Segula (Kabbalah)

For the Israeli moshav, see Sgula.

A segula (Hebrew: סגולה, pl. סגולות, segulot, "remedy" or "protection"[1]) is protective or benevolent charm or ritual in Kabbalistic and Talmudic tradition.[2][3]


The word segula appears in the Hebrew Bible in Exodus 19:5 and Deuteronomy 7:6, where God refers to the Jewish nation as His segula (treasure). The root of this word, segol, is the name of a Hebrew vowel-point represented by three dots. According to the Ohr Hachaim, a segula is "a charm that supersedes logic".[4]

List of segulot

Following is a list of popular segulot.

Fertility and childbirth

Protection from harm

Wearing a red string



  1. Afilalo, Raphael (2006). Kabbalah Glossary: Clarification of terms and concepts of the Kabbalah. Kabbalah Editions. p. 251. ISBN 292324107X.
  2. 1 2 Rosner, Fred; Bleich, J. David; Brayer, Menachem M. (2000). Jewish Bioethics. KTAV Publishing House. p. 59. ISBN 0881256625.
  3. Finkelstein, Baruch; Finkelstein, Michal (2005). The Third Key: A Jewish couple's guide to fertility. Feldheim Publishers. p. 124. ISBN 1583303901.
  4. Chrysler, HaRav Eliezer. "Parshas Yisro: A Treasured Nation". Retrieved 18 March 2012.
  5. Lebovits, Moishe Dovid. "Lag BaOmer" (PDF). Halachically Speaking. p. 6. Retrieved 27 April 2010.
  6. Lev, Barukh ben David (2003). There Is No Such Thing As Coincidence: And other stories of Divine Providence. 2. Feldheim Publishers. pp. 4546. ISBN 1583306153.
  7. Finman, Rabbi Herschel (2012). "What is the Function of the Kvatter?". Retrieved 17 March 2012.
  8. Weisberg, Chana (2004). Expecting Miracles: Finding meaning and spirituality in pregnancy through Judaism. Urim Publications. p. 134. ISBN 9657108519.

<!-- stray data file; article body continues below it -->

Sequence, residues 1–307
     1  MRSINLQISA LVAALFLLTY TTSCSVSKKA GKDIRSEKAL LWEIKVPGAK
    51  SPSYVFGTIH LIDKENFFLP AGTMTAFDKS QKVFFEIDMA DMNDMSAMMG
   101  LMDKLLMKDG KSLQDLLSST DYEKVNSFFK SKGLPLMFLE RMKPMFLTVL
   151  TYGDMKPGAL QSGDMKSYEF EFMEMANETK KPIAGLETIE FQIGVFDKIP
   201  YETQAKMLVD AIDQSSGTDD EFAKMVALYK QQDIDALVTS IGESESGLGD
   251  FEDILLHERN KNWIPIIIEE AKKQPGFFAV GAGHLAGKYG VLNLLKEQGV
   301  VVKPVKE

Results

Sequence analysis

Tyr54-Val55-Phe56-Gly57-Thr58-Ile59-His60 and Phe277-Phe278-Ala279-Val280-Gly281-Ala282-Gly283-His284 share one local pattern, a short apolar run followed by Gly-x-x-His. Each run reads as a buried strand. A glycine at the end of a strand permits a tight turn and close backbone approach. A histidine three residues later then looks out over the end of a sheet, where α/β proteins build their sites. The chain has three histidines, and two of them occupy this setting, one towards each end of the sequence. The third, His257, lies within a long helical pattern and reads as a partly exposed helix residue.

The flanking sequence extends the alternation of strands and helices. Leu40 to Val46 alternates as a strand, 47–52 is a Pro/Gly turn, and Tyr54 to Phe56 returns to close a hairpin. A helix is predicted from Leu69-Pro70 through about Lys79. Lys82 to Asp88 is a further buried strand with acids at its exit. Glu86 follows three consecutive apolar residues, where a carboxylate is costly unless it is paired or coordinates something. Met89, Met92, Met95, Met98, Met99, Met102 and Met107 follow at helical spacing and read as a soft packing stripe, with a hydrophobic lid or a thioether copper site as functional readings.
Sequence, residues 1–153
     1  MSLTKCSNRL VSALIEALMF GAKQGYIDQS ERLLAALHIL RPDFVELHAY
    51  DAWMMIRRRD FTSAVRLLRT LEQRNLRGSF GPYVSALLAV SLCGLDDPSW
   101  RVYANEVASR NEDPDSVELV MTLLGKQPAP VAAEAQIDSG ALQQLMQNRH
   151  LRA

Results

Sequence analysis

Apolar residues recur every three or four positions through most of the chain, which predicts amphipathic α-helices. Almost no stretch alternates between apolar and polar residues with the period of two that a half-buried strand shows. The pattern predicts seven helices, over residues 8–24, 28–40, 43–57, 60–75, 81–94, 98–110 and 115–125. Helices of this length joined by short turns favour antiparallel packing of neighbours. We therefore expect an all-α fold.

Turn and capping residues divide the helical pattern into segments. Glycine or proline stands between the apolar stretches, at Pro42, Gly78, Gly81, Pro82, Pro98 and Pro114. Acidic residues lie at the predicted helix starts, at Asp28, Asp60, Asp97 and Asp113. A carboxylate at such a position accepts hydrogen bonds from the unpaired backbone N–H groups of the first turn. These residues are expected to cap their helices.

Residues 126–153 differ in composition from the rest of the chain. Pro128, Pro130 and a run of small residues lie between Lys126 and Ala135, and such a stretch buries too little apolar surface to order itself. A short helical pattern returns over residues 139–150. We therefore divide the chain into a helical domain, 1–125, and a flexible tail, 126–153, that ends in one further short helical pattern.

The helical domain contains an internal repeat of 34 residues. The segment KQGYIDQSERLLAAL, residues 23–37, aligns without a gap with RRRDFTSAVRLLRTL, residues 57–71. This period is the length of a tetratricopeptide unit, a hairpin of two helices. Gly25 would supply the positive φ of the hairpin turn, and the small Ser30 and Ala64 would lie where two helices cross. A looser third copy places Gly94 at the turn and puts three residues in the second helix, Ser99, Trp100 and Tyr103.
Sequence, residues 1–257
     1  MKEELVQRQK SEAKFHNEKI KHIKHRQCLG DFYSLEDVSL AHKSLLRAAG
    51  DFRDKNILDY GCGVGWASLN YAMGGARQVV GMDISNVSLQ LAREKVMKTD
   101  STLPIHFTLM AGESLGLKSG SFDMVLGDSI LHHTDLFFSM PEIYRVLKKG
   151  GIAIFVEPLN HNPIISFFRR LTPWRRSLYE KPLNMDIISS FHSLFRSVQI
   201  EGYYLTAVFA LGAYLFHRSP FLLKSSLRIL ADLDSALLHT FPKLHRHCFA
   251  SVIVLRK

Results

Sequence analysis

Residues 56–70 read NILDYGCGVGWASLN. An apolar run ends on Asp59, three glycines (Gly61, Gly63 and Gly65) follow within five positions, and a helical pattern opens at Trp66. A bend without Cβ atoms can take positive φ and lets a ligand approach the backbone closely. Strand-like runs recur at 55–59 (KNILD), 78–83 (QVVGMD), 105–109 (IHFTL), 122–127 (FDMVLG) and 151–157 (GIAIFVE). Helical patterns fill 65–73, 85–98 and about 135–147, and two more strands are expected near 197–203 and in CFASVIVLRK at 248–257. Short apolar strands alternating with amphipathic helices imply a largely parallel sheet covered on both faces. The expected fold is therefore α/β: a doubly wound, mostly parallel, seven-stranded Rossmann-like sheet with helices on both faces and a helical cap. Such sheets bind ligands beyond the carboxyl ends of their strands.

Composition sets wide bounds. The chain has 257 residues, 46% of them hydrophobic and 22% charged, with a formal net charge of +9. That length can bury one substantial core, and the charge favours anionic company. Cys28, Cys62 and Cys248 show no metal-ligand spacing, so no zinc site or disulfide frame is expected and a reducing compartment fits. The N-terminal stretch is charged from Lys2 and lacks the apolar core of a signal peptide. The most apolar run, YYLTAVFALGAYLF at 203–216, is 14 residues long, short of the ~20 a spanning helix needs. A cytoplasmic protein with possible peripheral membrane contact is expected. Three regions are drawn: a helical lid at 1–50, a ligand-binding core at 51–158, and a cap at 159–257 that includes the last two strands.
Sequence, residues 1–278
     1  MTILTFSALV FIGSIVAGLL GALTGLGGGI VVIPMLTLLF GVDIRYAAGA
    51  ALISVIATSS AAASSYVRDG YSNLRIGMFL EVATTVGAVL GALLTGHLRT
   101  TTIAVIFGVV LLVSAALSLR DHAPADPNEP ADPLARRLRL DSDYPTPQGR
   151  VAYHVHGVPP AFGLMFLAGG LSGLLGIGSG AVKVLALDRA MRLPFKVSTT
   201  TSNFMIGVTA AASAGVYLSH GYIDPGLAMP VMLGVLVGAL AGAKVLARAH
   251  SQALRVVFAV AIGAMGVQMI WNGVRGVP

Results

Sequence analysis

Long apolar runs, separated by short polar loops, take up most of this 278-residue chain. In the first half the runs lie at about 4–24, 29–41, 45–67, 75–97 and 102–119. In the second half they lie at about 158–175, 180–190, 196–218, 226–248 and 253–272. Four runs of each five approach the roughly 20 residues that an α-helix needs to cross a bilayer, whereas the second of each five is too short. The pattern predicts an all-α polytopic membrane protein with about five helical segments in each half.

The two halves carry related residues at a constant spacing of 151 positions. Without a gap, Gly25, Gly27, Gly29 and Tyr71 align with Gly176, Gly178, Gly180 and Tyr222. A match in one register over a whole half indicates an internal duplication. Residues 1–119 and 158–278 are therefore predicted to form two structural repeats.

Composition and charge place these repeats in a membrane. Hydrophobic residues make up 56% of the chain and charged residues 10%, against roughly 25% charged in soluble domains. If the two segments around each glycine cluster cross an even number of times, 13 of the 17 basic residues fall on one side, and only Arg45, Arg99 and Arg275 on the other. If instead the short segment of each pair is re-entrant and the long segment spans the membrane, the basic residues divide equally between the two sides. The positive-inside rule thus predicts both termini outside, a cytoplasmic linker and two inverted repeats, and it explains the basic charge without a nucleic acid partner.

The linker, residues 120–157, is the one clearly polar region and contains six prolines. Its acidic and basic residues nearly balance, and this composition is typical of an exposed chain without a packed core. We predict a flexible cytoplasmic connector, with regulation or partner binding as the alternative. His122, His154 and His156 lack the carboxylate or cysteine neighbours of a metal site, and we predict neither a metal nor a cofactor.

9. Alpert, Yair (26 January 2010). "Rav Fischer's Segulah Miraculously Works By Not Working Saves Life of Baby". Retrieved 17 March 2012.
  10. Rabbeinu Bachya ben Asher, commentary to Parshas Tetzaveh (Shmos 28:15) notes "...Reuven's stone was the ruby, a red stone, red like blood, and its Segulah is that any woman that carries [or wears] it will never miscarry a child. It is also said that it is beneficial for a woman who has a hard time giving birth [to have this stone].If this stone is ground up and added to food or drink [of a woman] it is extremely beneficial to help her become pregnant..."
  11. Tannenbaum, Rabbi Gershon (10 February 2012). "The Red Strings of Kever Rochel". The Jewish Press. Retrieved 17 March 2012.
  12. Rossoff, Dovid (October 1997). "Tomb of Rachel". The Jewish Magazine. Retrieved 17 March 2012.
  13. Epstein, Donneal (2000). Halachos for the Traveler. Feldheim Publishers. p. 4. ISBN 1583304398.
  14. "Devarim 4:35". Retrieved 25 April 2013.
  15. Goldberger, Rabbi Moshe. "Learn the Secret: Discovering Hashem's constant presence in our lives". Targum Press. Retrieved 18 March 2012.
  16. "The Mystical Power of Amuka". Hamodia. 18 June 2009. Retrieved 18 March 2012.
  17. Kiel, Dvora (2007). When the Time is Right: Manifestations of Divine Providence in everyday life. Feldheim Publishers. p. 486. ISBN 9657371295.
  18. "Origin of the 40 Days". 2012. Retrieved 18 March 2012.
  19. "It's a Segulah". Jewish Treats. 25 February 2009. Retrieved 17 March 2012.
  20. Rosner et al. (2000), pp. 5962.
  21. Lev (2003), p. 81.
  22. Danzinger, Rabbi Eliezer (2012). "Purchasing a New Knife for Rosh Hashanah". Retrieved 17 March 2012.
  23. "Old Jewish Book Outlines how to Turn Copper into Gold". Retrieved 2015-09-27.
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